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Director Named for Fralin Biomedical Research Institute at VTC Cancer Research Center

An accomplished biomedical engineer who studies the biophysical setting of brain cancer has been named director of the Fralin Biomedical Research Institute at VTC’s Cancer Research Center in Roanoke, Virginia.

Jennifer Munson will organize the institute’s Cancer Research Center in Roanoke, while closely collaborating with its Cancer Research Center in Washington, D.C., said Michael Friedlander, Virginia Tech’s vice president for health sciences and technology and executive director of the research institute.

“Dr. Munson is the ideal person to assume this important new leadership role,”Friedlander said. “She is an insightful and talented scientist who utilizes a combination of laboratory experimental approaches and computational tools to better understand the dynamics of cancers, including brain tumors. Her combined approach employs mathematically rigorous models, a range of engineering tools, and biological experimentation to converge on unique and potentially powerful new strategies for developing individualized therapeutics.”

A fellow of the American Institute for Medical and Biomedical Engineering and the Biomedical Engineering Society and a professor of the Fralin Biomedical Research Institute (FBRI), Munson collaborates with clinicians, veterinarians, engineers, and biologists.

“This multi- and interdisciplinary approach is needed to identify and validate innovations to treat some of the deadliest cancers such as malignant primary brain tumors,” Friedlander said. “This unique perspective benefits not only her own research program, it informs her in this new role as a mentor and leader for our other cancer research teams at the research institute as well as those we will be recruiting in coming years.”

Also a faculty member of the Department of Biomedical Engineering and Mechanics of the Virginia Tech College of Engineering, Munson focuses on interstitial fluid flow in the spaces between cells within brain tissue to understand cancer’s invasion, a major impediment to treatment success. She was recently named a co-director of the newly designated Focused Ultrasound Foundation Center of Excellence at Virginia Tech.

In brain cancer, interstitial flow increases, specifically across the invasive edge of the tumor, where cells are prone to both interact with the surrounding brain tissue and evade treatment. Her work is supported by the Red Gates Foundation, the National Cancer Institute, National Institute of Neurological Disorders and Stroke, National Institute on Aging, and the Ivy Foundation among others.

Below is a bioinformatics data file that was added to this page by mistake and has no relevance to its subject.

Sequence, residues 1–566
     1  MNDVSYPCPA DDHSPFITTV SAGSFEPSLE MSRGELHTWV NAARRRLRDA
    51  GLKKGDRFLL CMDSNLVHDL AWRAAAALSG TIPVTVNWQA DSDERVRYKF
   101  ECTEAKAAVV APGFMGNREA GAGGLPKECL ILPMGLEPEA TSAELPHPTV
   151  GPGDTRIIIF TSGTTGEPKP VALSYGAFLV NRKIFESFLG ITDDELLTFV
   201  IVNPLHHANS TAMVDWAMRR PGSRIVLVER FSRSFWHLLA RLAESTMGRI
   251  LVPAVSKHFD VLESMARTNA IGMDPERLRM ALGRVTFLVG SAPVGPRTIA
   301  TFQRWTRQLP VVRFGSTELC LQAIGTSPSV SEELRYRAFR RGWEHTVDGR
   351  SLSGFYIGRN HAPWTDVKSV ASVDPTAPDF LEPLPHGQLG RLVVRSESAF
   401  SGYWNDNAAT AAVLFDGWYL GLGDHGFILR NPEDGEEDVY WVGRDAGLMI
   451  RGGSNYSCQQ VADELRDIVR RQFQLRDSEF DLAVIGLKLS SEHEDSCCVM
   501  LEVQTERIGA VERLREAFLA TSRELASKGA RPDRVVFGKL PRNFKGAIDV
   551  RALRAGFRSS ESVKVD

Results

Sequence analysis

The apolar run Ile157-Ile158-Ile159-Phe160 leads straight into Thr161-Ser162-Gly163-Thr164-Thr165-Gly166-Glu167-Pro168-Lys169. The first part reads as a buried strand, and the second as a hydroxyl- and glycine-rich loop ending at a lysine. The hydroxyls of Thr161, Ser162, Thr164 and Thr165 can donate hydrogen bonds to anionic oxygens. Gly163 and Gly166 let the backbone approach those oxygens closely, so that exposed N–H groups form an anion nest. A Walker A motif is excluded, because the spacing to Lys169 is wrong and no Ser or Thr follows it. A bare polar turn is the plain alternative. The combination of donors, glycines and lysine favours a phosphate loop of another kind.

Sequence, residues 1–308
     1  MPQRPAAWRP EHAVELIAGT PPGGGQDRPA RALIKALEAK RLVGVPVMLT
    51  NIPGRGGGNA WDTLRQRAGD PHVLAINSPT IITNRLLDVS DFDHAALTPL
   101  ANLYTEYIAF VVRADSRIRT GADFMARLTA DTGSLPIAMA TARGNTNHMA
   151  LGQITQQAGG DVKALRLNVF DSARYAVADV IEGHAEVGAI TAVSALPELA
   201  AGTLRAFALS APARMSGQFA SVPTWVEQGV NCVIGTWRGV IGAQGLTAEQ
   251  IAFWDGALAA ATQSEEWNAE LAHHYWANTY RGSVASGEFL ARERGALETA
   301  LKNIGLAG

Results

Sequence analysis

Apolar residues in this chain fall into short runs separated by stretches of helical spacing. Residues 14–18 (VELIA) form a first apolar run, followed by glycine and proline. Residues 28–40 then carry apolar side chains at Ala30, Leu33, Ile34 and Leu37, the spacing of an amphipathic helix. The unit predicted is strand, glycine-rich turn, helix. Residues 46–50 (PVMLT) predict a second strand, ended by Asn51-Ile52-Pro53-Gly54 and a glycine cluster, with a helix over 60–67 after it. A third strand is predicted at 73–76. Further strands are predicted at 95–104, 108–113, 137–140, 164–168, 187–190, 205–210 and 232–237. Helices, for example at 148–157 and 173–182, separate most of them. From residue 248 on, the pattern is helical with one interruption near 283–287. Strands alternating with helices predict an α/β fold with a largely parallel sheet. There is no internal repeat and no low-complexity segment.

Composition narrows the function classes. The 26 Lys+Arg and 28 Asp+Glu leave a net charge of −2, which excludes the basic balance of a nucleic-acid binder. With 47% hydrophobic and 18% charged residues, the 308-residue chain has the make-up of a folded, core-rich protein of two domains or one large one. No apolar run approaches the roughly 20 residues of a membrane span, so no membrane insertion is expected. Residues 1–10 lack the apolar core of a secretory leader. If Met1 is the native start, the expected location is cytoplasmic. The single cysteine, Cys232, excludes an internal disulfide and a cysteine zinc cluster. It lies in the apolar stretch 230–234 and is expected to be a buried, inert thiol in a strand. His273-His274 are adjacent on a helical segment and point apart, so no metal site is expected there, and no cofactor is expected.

Her lab particularly focuses on finding ways to make tumors more vulnerable to standard of care therapies. Recently, she co-founded a company called Cairina Inc. to translate her research at the Fralin Biomedical Research Institute into practical health solutions.

Munson will promote and encourage cancer research while also helping to mentor early career cancer research faculty team leaders.

“My mission has revolved around pioneering new tools and treatments toward developing a better understanding of cancer that can be brought bench-to-bedside,” Munson said. “I am excited to take on this role to grow cancer research at Virginia Tech. I especially look forward to bringing researchers to FBRI who want to build inter-disciplinary and translational research programs that can impact patients. I hope to leverage our unique collaborative community across Virginia to yield innovation in cancer research while providing a supportive environment to train future scientists and engineers.”

The institute’s Cancer Research Center in Roanoke pairs with the its Cancer Research Center – D.C., directed by Christopher Hourigan, professor with the research institute and with the Department of Internal Medicine of the Virginia Tech Carilion School of Medicine.

“While Dr. Munson and Dr. Hourigan each hold the primary center leadership role for cancer research at their respective sites in Roanoke and Washington, D.C., I expect that there will be considerable collaboration and interaction such that there will emerge a single unified impact on the development of new cancer preventions, diagnostics and therapeutics from the overall innovations of these two enterprises,” Friedlander said.

Six additional faculty-led cancer research teams are at the Cancer Research Center in Roanoke, including those led by Carla Finkielstein, Roberta Freitas-Lemos, Samy Lamouille, DaeYong Lee, Zhi Sheng, and Fred Wu. These are in addition to teams led by Kathleen Mulvaney, Jia-Ray Yu, and Hourigan.

Both of the FBRI’s Cancer Research Center sites are made possible through the support of the Red Gates Foundation. Alongside the two Cancer Research Centers, Friedlander said the university will continue to expand its Cancer Research Alliance, which promotes interactions with cancer researchers from throughout Virginia Tech and collaborating institutions and health systems.

“We are increasing the potential for Virginia Tech to make a significant global impact,” Friedlander said. “I expect that the university’s continued ascendance in global distinction, particularly in the biomedical and health sciences, will be facilitated by our major growth in cancer research.”

By John Pastor

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